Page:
The documents shed light on every aspect of Nixon-Ford diplomacy, including U.S.-Soviet détente, the wars in Southeast Asia, the 1969 Biafra crisis, the 1971 South Asian crisis, the October 1973 Middle East War, and the 1974 Cyprus Crisis, among many other developments. Kissinger’s dozens of interlocutors include political and policy figures, such as Presidents Nixon and Ford, Secretary of State William Rogers, Governor Nelson Rockefeller, Robert S. McNamara, and Soviet Ambassador Anatoli Dobrynin; journalists and publishers, such as Ted Koppel, James Reston, and Katherine Graham; and such show business friends as Frank Sinatra. Besides the telcons, the Kissinger Telephone Conversations: A Verbatim Record of U.S. Diplomacy, 1969-1977 includes audio tape of Kissinger’s telephone conversations with Richard Nixon that were recorded automatically by the secret White House taping system, some of which Kissinger’s aides were unable to transcribe.

A series of unforgettable moments are captured in the transcripts, not least involving Kissinger’s complex and difficult relationship with Richard Nixon. Repeatedly, the national security adviser used his skills in flattery and connivance to help build up the president’s image and stay in his good graces. During the Jordan crisis in September 1970, Kissinger told the media that he had awakened the President to brief him on King Hussein’s military actions against Palestinian guerillas. But a transcript of his call to the President the next day recorded him as informing Nixon: “in light of the fact that there was nothing you could do, we thought it best not to waken you.”

The telcons also illustrate other Kissinger’s efforts to spin the media, monitor and control the process of decision-making, disparage rivals, keep important associates, such as his patron Nelson Rockefeller, in the loop, and win over critics:

  • After Gerald Ford shuffled his cabinet in November 1975, removing Kissinger as national security adviser and shifting Donald Rumsfeld from his chief-of-staff position to be Secretary of Defense, Kissinger spoke to Secretary of the Treasury William Simon. “The guy who cut me up inside this building isn’t going to cut me up any less in Defense,” he noted.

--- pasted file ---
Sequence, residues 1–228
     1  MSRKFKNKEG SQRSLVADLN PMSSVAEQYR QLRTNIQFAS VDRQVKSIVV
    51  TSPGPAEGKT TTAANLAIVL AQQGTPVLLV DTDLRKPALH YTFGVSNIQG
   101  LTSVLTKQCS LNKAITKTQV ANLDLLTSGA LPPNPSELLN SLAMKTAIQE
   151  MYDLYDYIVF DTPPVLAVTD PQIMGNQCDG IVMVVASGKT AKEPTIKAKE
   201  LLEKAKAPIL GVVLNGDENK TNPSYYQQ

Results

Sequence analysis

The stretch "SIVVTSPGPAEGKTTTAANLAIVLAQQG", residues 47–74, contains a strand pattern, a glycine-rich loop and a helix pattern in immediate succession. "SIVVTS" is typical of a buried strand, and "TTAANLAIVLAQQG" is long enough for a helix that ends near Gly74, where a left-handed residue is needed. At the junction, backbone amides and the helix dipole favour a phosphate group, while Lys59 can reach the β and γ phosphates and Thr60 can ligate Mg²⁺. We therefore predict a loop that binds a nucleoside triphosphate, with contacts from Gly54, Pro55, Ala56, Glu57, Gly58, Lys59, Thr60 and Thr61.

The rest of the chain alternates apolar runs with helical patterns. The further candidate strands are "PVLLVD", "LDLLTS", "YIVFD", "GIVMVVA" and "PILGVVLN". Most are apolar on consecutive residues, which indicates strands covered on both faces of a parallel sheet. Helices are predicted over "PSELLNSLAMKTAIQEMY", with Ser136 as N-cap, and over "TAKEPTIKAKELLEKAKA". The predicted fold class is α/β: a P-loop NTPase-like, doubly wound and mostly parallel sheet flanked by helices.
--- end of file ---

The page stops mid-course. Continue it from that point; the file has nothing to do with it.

• In an August 13, 1974, conversation with Elliott Richardson after Nixon resigned, Kissinger disparaged George H.W. Bush as a candidate to replace Gerald Ford as Vice President. “I am not as high on George Bush, as some others are, partly because of his lack of experience.”
  • In a conversation with President Nixon on the illegal wiretap scandal in June 1973, Nixon threatened to go to political war with Democrats if they pressed the issue. “Lets get away from the bullshit,” Nixon stated angrily. “Bobby Kennedy was the greatest tapper.” The President even suspected his own phone had been wiretapped in the early 1960s. “[J.Edgar Hoover] said Bobby Kennedy had [the FBI] tapping everybody. I think that even I’m on that list,” President Nixon told Kissinger. When Nixon noted that the wiretap scandal would “catch some of your friends,” Kissinger responded: “Well, I wouldn’t be a bit unhappy.”
  • In a bizarre conversation with anti-war activist/poet Alan Ginsburg on April 23, 1971, Kissinger discussed meeting with ardent opponents of the Nixon administration. Ginsburg suggested the meeting, joking that “It would be even more useful if we could do it naked on television. “I gather you don’t know how to get out of the war,” Ginsburg is recorded as stating. “I thought we did,” Kissinger responded, “but we are always interested in hearing other views.”

In the April 15, 1972, conversation about bombing North Vietnam, Nixon recalled that bombing had failed to defeat Ho Chi Mhin’s forces in the past.

Nixon: “Of course, you want to remember that Johnson bombed them for years and it didn’t do any good.”

Kissinger: But Mr. President, Johnson never had a strategy; he was sort of picking away at them. He would go in with 50 planes; 20 planes; I bet you we will have had more planes over there in one day than Johnson had in a month.

Nixon: Really?

Kissinger: Yeah.

Source / The National Security Archive

Thanks to Mariann Wizard and Jeff Segal / The Rag Blog